WEATHER Snow raises road-care issues
Main roads and school and hospital zones get salted and cleared first.
By DENISE DICK
VINDICATOR TRUMBULL STAFF
WARREN -- Some council members say snow removal has been worse this year than in the past, while operations department officials blame a lack of manpower and quality equipment.
"The streets in my ward have not been maintained to the extent they were last year," said Councilwoman Susan E. Hartman, D-7th, at an operations committee meeting Monday.
She pointed to Christmas Day and Sunday as examples. Councilman Robert Holmes III, D-4th, pointed to Howland and Cortland as communities that plowed streets earlier than Warren on Christmas Day.
Robert Stahl, street superintendent, said primary streets, including Elm, Parkman and Youngstown roads and West Market Street, and school and hospital zones get attention first, followed by secondary roads.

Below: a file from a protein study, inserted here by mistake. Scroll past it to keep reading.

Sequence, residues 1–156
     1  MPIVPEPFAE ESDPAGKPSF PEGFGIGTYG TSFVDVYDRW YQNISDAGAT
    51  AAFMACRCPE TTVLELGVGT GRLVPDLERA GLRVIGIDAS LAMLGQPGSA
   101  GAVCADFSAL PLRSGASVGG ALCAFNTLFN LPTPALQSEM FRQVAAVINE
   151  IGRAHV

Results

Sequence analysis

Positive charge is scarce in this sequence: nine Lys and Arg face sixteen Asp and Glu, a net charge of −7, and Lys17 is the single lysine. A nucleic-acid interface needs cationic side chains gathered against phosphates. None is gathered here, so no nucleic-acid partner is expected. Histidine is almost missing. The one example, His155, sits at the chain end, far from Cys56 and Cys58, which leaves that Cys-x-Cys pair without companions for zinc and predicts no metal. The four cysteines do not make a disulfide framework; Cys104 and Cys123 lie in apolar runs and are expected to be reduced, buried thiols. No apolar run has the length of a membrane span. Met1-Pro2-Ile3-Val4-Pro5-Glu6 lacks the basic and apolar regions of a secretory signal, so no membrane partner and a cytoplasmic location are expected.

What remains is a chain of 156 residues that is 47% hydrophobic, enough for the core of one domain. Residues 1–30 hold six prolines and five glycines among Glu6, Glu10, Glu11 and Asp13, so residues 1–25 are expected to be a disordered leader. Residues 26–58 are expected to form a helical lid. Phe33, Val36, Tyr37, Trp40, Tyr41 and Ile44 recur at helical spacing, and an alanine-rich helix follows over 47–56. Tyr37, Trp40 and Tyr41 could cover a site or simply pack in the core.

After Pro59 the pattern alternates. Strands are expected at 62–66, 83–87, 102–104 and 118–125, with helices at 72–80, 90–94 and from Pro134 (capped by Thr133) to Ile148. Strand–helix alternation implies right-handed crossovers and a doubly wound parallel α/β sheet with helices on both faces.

When snow starts, crews spread salt or slag first. The plow trucks don't go out until snow builds up.
"You can't plow an inch of snow," said Frank Tempesta, operations director.
During periods of heavy, steady snowfall, crews may not make it to the secondary roads because they're trying to keep the main routes passable, Stahl said.
Hartman and Councilwoman Virginia Bufano, D-1st, pointed out that the department has three new plow trucks.
David Mazzochi, maintenance superintendent in the operations department, said the fleet includes many trucks that frequently break down because of their age. The department has 10 of the trucks used for street plowing. To do it efficiently, there should be a minimum of 12, he said, and the department used to have 14.
Three trucks broke down during Sunday's snow-control effort, Stahl said.
Department officials said the situation is further complicated by a lack of manpower. The midnight crew, which works 11 p.m. to 7 a.m. Sunday through Thursday, consists of 12 people, including two foremen. The day shift, composed of 10 people, including four foremen, works 7 a.m. to 3 p.m. Five mechanics, including a foreman, also work at the department.
Sick days and other types of time off also factor in, officials said. When snow starts to pile up, crews may be called out during off-hours. That involves overtime pay.
"With the equipment and the manpower we've got, get used to it," Mazzochi said.
Hartman suggested contacting street departments in other cities to see how they handle snow removal efficiently.